Drinking excessive fruit juice increases early death risk than soda

Henrietta Strickland
May 20, 2019

The new study defined "sugary beverages" as both sugar-sweetened thirst-quenchers, like soda and fruit-flavored infusions, and 100% natural fruit juices that have no added sugar.

To put it simply, those who consumed the most sugar-sweetened beverages, including 100 per cent fruit juice had higher odds of dying during the course of the study, when compared with those who drank the least of these.

After analyzing their health records, it was found that an additional 354 ml serving of sugary beverages per day was associated an 11 per cent higher all-cause mortality risk, while each additional 354 ml serving of fruit juice was associated with a whopping 24 per cent higher all-cause mortality risk.

"Efforts to decrease consumption of sodas and other sugar-sweetened beverages should also include fruit juices, and these efforts need to include adults as well as children", Welsh said.

Seven US cities, including NY and most recently Philadelphia, have levied taxes on sweetened drinks with added sugar in an effort to reduce consumption.

For the study, Welsh and her colleagues collected data on 13,440 men and women, average age 64, who were part of a large stroke study from 2003 to 2007. She is an associate professor at Emory University School of Medicine in Atlanta. Over the course of 6 years (on an average), 1,168 of the participants died.

"Portion size is important because it's really the greater recommended portion of every additional serving that caused the increased risk".

The report was published online May 17 in JAMA Network Open.

The general United Kingdom recommendation is that a 150ml glass of fruit juice can provide one of our five-a-day, fruit and vegetables, but no more.

"Previous research has shown that high consumption of sugars like those in soft drink and fruit juices is linked to several cardiovascular disease risk factors", Welsh explained.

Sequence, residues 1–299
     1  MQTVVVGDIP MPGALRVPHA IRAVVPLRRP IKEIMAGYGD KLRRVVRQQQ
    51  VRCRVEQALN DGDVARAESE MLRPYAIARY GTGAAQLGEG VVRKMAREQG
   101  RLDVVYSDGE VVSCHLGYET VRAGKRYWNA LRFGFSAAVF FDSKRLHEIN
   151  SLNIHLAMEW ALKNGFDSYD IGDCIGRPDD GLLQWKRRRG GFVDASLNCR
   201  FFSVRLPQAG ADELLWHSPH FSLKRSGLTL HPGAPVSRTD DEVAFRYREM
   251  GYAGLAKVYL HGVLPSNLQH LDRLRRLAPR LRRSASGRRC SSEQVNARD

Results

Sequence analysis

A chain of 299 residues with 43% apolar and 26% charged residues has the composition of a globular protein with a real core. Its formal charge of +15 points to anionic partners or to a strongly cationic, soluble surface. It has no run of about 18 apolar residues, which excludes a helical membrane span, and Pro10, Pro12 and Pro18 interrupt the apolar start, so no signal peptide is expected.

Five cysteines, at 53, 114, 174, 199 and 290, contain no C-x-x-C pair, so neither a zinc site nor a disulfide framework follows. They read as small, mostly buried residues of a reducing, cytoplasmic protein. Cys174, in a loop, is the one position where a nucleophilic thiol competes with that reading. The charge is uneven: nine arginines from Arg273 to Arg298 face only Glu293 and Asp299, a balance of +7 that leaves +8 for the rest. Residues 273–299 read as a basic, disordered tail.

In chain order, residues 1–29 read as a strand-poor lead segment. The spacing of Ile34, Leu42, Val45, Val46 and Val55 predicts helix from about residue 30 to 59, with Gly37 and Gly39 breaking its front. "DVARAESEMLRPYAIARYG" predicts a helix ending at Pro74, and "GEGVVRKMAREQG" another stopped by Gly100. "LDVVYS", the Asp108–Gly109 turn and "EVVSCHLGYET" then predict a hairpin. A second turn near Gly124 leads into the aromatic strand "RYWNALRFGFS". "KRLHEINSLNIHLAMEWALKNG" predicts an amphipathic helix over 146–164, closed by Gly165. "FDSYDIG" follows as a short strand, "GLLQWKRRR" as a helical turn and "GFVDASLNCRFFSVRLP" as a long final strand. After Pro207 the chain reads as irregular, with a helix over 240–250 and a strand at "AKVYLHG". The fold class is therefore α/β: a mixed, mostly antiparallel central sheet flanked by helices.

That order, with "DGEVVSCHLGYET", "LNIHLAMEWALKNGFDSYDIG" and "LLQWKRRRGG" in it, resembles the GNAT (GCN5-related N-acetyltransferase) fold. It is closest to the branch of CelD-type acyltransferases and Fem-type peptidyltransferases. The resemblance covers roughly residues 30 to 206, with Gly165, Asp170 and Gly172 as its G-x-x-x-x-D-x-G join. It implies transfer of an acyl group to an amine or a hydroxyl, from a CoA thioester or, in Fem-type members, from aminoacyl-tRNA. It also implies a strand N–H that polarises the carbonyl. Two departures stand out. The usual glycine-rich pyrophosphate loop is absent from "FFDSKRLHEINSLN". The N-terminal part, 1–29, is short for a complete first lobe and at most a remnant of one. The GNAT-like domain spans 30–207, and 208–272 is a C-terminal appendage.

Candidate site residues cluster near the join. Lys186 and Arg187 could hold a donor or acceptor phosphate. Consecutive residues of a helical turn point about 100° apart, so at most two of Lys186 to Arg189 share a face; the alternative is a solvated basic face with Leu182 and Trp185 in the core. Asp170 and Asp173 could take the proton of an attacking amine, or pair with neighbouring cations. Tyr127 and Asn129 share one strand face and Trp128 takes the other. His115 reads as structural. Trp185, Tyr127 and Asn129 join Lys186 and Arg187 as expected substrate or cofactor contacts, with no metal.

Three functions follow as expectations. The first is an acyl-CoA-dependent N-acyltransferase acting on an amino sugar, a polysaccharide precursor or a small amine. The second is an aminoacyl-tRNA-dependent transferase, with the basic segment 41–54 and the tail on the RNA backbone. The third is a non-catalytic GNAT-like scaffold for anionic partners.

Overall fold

To quote the findings of the study as is, "These results suggest higher consumption of sugary beverages, including fruit juice, is associated with increased mortality. I would encourage my patients to drink no more than 115 ml to 236 ml of juice per day", researcher Kate Patton told Philadelphia CBS.

"Although the sugar in SSBs (sugar-sweetened beverages) is added during processing and the sugar in 100 per cent fruit juice occurs naturally, the specific sugars they provide for the body to process are essentially the same, and the biochemical response when metabolized is the same". Between the two, she tipped the scales in favor of fruit juice: "Given its vitamin and mineral content, fruit juice in small amounts may have a beneficial effect that isn't seen with sodas and other sugar-sweetened beverages". However, their ingredients can vary substantially and there is limited research on their health effects, she said.

Out this, people who get 10% or more of their daily calories from any sugary beverage such as soda increased their risk of premature death by 14%. Vegetable juice is a lower-calorie alternative to fruit juice, but may contain a lot of salt.

Visit the Harvard School of Public Health for more on sugary drinks.

Other reports by Click Lancashire

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